It’s…fitting that hardcore fans would balk at this, and spend the next 15 years looking for any sign of a season six, viewing the episode’s intentional ambiguity as plot holes and cliffhangers (their opinion, not mine). They still hope that someone will ‘get the band back together’ and chase the magic of 2003-2006, and will likely insist for the rest of their lives that Teen Titans Go somehow stood in the way of that (that’s a discussion for later).
Now, what does all of this have to do with DCU Classic and DCU Infinite? Well, it goes back to what I’ve said: things change. Nobody says you have to like it, or even accept it. But (and there’s no good way of saying this): We just have to fully recognize that DCU Classic will be gone next year.
There are two things you can do, in keeping with the spirit of the holidays: talk about DCU Classic. Talk about how weird and cool and fun it was. The ups and downs, the flaws and moments of greatness. The inclusive ‘Clubhouse’ atmosphere. Talk about all of it with fans who remember AND fans who might only know DCU Infinite. Hold those memories close and tight. They’re good ones.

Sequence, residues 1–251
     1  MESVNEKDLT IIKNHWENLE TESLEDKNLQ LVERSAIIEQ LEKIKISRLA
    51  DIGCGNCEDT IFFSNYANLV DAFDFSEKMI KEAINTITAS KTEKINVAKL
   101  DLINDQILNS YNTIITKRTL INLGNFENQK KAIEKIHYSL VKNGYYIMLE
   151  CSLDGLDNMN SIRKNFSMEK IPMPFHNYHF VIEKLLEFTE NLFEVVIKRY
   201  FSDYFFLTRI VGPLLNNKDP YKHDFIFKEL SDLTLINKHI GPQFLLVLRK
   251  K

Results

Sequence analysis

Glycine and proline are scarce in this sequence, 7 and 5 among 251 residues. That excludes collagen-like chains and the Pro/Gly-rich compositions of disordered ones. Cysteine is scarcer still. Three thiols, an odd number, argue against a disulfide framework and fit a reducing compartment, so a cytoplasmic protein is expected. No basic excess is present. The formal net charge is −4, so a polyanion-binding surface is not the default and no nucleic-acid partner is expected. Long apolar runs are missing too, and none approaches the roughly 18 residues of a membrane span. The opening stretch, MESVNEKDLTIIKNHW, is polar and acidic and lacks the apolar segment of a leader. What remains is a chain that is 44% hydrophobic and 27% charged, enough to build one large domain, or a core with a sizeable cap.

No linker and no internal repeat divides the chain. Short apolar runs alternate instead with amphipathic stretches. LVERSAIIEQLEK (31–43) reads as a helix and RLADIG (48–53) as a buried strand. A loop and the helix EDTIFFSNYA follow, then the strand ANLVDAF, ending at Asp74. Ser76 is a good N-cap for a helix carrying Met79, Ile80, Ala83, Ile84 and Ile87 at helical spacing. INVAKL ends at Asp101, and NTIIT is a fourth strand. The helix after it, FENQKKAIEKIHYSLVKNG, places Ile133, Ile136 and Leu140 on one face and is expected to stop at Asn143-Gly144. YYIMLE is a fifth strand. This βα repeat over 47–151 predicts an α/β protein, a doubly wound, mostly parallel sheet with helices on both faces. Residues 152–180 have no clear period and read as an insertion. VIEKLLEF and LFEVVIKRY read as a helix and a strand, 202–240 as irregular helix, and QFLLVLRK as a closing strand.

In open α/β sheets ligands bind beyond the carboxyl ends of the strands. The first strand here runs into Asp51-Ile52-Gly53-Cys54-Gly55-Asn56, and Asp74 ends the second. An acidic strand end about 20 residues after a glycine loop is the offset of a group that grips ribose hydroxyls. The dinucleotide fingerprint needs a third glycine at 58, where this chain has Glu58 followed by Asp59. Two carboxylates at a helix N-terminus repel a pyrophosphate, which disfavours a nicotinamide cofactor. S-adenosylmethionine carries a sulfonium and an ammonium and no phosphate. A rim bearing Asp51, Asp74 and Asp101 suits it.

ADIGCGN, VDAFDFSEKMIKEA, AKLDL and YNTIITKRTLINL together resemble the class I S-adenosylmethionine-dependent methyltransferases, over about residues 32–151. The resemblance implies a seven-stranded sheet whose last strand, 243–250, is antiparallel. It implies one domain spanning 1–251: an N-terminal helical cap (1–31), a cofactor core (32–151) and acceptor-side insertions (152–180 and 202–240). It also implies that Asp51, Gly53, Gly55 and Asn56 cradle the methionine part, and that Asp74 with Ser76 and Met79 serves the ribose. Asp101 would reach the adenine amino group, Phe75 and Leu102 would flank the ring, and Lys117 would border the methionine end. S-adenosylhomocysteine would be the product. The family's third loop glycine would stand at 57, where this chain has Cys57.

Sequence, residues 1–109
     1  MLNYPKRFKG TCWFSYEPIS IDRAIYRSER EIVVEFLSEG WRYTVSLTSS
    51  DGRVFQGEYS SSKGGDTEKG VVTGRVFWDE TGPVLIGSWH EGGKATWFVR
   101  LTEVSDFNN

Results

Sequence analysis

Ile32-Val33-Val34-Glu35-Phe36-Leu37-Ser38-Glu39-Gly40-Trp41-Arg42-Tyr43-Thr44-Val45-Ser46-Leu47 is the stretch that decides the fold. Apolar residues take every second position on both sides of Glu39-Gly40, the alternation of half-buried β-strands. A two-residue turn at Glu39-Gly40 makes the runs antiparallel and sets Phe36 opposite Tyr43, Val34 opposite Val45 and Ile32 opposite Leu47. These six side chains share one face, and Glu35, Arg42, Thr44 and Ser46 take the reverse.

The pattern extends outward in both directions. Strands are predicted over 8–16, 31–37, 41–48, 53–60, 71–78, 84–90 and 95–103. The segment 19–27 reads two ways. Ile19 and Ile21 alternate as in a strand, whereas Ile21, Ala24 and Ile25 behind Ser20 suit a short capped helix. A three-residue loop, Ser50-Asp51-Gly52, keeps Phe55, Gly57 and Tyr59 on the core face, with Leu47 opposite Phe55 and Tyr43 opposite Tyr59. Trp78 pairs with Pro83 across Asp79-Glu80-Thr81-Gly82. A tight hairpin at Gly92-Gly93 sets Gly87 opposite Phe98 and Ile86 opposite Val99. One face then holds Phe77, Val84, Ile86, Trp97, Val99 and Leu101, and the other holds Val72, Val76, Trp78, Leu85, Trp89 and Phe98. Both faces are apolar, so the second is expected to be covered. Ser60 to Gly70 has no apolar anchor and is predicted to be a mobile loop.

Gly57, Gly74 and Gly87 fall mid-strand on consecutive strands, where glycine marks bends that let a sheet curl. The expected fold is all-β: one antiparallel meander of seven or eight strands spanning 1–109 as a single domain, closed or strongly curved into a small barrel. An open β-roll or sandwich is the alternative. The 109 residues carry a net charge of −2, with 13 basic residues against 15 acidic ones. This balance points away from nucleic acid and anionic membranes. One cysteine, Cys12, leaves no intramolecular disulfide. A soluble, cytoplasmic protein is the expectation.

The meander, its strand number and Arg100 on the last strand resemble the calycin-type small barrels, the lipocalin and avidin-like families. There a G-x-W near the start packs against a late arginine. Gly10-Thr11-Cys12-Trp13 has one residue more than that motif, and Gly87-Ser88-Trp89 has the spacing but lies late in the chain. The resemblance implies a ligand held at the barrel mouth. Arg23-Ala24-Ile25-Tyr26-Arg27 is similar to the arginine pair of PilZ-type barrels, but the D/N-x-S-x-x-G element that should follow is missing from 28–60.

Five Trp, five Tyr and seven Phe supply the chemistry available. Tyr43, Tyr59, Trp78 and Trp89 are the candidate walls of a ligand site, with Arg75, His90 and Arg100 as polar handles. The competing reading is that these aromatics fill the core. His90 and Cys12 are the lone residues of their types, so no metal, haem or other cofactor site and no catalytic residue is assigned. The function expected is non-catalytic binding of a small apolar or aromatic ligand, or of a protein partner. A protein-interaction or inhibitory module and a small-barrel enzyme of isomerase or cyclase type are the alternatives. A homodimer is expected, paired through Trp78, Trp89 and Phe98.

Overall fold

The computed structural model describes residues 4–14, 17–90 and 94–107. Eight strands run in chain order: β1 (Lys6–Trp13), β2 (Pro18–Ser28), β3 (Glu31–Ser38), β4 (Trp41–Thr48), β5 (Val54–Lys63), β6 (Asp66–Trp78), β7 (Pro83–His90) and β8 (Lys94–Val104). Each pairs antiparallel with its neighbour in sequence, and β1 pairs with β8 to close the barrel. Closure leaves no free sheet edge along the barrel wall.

That’s the first one. The second? Be smart enough to know when it’s time to move on. Do I wish that DCU Classic stayed around? Yes. Madly so, even now. But to fight what’s coming would be to turn into the knobs on social media that bashed DC Universe for all of its existence, and do what hardcore fans of TT 2003 did: weaponize their memories of something good to try and take down something that will have fans of its own.
That’s NOT what I want to do in life, and you shouldn’t either.
If you feel things have changed too much and you must leave, by all means. I get it. I really do. But before you do, I implore you to be the Beast Boy in that scenario. Cherish your memories, you will need them in hard times like these. But also have the strength to move forward. That goes even for the folks staying.
In closing: one trait that DC is known for is legacy. Ask yourself: how would you want DCU Classic to be remembered?
Merry Christmas, Happy Holidays, and here’s to a better New Year.
I love ya’ll.